I want us to recapture the restfulness of Sunday.  I know that it can be a struggle.  Americans live at warp speed and it makes it difficult to slow down and keep the Sabbath.  While going to Mass is our duty and privilege, I think that God also knows that we need a break.  We need time with our families.  We need times of rest, even if it is just watching football.  We need timelessness.  I know that the number one thing that gets in the way of my prayer life is my lack of timelessness.  It is much harder for me to focus on my Bible, Rosary, Divine Office, or simple prayer when I feel like I am going to get interrupted or cannot stop thinking about what needs to get done.  All relationships need periods of freedom.  That includes most especially our relationships with God, our spouse, and our children.
One of the amazing blessings of the day was that it made me more focused on Christ, my vocation, and my prayer life.  I thought about the blessings of the day and was truly thankful.  I spent time in prayer and then I cleaned the kitchen and folded and put away laundry.  Those are tasks I usually would have left until today, but by truly resting, I felt rejuvenated and I could serve my family better. That meant that I did not start this week already feeling overwhelmed.  Do you have periods of timelessness in your life?  Make Sunday a day of rest and peace for your home.  It will bring abundant blessings to your and yours.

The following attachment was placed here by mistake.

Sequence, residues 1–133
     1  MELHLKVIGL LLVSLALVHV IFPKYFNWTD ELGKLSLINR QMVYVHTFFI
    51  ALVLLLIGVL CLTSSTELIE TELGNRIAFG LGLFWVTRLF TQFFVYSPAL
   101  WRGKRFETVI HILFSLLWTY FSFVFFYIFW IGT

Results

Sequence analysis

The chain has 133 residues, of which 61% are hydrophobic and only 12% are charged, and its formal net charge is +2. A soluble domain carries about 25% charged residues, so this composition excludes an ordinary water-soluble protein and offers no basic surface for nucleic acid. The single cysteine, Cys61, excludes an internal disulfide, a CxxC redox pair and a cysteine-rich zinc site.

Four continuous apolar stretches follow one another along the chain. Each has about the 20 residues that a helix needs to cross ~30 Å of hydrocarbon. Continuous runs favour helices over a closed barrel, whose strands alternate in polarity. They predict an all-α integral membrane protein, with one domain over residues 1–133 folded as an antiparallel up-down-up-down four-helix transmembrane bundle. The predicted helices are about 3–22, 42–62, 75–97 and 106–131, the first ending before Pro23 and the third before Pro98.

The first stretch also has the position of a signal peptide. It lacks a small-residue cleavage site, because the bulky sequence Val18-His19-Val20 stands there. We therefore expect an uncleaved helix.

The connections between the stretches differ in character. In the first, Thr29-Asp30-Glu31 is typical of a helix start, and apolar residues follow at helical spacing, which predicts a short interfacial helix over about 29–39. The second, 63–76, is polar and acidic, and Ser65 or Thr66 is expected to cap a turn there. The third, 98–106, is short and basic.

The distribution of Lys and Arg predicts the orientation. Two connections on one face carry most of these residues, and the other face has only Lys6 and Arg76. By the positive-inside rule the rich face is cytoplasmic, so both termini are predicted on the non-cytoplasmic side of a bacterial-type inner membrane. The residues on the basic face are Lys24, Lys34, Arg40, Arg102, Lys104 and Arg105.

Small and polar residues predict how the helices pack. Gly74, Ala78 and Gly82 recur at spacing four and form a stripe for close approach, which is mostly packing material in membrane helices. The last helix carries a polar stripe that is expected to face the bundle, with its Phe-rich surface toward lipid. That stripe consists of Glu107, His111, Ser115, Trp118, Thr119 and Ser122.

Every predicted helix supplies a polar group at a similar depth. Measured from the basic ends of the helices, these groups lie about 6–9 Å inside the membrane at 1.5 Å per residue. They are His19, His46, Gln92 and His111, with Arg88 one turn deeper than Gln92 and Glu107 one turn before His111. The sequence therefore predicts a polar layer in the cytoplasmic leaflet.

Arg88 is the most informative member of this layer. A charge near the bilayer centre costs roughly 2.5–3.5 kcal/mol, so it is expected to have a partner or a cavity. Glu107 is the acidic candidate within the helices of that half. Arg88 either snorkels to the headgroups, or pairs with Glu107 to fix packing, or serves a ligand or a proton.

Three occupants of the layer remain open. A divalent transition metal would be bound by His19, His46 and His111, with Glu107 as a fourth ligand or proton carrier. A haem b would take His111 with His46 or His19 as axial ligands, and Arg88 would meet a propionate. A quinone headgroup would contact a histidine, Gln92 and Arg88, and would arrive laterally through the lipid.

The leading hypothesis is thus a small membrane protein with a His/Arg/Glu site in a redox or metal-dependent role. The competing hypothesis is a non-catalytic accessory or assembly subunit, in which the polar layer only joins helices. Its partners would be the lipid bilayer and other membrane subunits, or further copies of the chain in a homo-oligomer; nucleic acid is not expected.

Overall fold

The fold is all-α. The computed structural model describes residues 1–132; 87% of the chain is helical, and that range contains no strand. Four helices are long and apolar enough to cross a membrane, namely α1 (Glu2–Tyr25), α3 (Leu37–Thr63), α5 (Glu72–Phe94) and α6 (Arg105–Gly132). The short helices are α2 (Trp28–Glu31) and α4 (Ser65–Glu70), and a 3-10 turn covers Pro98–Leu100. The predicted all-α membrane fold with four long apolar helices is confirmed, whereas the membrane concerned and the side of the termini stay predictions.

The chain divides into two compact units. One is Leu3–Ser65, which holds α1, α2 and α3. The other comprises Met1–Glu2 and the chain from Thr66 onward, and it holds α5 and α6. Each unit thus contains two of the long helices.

Some of the things that I am thankful for these days:
My bossy toddler
Wide open country lanes
The wind in my daughter’s golden hair
The way my husband’s eyes light up when he smiles
An affordable truck for my husband
Timeless Sundays
My junior high students in religious education
Michaela sitting still for most of Mass
An encouraging word from my Dominican friends
Christ helping me deal with my fears

3 comments

  1. Cynthia Swenson · · Reply

    So glad God met your need for a pick-up. I enjoyed reading this, as I grew up Catholic & in Montana partly (grandparents had a ranch near Forsyth). Love & prayers, in Jesus, Cynthia

    1. holinessinmotherhood · · Reply

      Cynthia,
      I grew up in Billings. Good to hear from another Montana native. Thanks for stopping by. God bless.

  2. I’ve popped in to your lovely place here from A Holy Experience. I loved your post and I wanted to slow down and savor life a bit better after reading it.